Federal Reserve Bank of Philadelphia
José J. Canals-Cerdá is a Senior Special Advisor at the Federal Reserve Bank of Philadelphia in the Supervision, Regulation, and Credit Department. His areas of expertise are Financial Risk Management, Financial Econometrics, Retail Credit Risk and Loss Modeling. He has participated as a lead expert in SCAP, CCAR and DFAST stress tests. He has made significant contributions to the development of systems and databases at the Federal Reserve for the analysis of regulatory stress tests. He was the principal developer of the Federal Reserve System methodology for Stress Testing of cards portfolios during the CCAR and DFAST stress test exercises, leading a group of Ph. D. economists and analysts. He is a lead quantitative expert in credit risk, securitization, ALLL, Economic Capital, Stress Testing, Basel, Credit Scoring and Model Risk Management. He has lead quantitative benchmark studies in several areas of interest to the Federal Reserve System related to Stress Test, Basel II and ALLL/CECL. He is a regular contributor to Basel II working groups within the Federal Reserve System. He is also an advisor to the Large Institution Supervision Coordination Committee (LISCC) in the area of credit risk.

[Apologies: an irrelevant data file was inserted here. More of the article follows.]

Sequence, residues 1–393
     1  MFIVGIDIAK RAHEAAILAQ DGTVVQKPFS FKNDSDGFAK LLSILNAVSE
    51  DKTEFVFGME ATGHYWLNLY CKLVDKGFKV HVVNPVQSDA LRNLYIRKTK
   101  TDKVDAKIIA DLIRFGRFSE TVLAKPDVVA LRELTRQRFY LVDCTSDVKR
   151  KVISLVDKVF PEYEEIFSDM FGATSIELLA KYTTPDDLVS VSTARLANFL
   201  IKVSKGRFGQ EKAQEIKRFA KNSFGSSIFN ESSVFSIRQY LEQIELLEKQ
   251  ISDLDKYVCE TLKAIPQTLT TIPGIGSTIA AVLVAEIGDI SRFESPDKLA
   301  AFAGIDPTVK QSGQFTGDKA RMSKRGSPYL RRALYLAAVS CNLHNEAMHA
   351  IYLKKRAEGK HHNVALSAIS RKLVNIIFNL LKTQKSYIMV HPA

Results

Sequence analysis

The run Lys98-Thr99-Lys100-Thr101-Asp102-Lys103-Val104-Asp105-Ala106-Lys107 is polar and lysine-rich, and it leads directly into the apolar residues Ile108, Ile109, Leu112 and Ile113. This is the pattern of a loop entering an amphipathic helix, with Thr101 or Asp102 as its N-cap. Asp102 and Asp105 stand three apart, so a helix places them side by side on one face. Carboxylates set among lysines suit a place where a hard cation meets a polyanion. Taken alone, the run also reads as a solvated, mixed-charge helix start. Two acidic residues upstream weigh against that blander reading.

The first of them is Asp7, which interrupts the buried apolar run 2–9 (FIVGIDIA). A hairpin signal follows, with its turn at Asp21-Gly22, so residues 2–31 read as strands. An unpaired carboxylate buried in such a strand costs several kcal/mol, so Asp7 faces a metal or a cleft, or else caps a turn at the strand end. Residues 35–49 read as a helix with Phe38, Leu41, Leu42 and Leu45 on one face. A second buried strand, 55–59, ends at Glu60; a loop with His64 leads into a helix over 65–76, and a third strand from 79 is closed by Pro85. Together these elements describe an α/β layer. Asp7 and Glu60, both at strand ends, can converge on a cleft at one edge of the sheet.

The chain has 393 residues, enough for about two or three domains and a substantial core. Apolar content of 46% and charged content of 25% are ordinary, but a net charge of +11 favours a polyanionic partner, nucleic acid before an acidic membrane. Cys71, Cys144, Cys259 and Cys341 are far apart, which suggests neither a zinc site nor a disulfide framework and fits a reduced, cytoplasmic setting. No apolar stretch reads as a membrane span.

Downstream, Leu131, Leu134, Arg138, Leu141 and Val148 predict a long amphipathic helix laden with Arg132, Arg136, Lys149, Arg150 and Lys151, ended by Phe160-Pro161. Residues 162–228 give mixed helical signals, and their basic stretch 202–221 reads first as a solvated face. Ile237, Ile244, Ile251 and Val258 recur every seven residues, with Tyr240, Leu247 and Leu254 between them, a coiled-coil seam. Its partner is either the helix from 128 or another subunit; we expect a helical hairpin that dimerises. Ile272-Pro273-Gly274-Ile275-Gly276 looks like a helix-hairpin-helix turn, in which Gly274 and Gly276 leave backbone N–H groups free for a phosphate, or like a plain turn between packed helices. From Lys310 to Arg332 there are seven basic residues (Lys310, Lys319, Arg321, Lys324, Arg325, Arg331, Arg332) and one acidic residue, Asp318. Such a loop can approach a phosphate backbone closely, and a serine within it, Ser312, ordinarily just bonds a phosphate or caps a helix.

From incurred loss to current expected credit loss: a forensic analysis of the allowance for loan losses in unconditionally cancelable credit card portfolios
The authors analyze the performance of the CECL framework under plausible assumptions about allocations of future payments to existing credit card loans, a key implementation element.
Procyclicality of capital and portfolio segmentation in the advanced internal ratings-based framework: an application to mortgage portfolios
This paper investigates the procyclicality of capital in the advanced internal ratings based (A-IRB) Basel approach for retail portfolios, and identifies the fundamental assumptions required for stable A-IRB risk weights over the economic cycle.
In this paper, we explore the role of consumer risk appetite in the initiation of credit cycles and as an early trigger of the US mortgage crisis.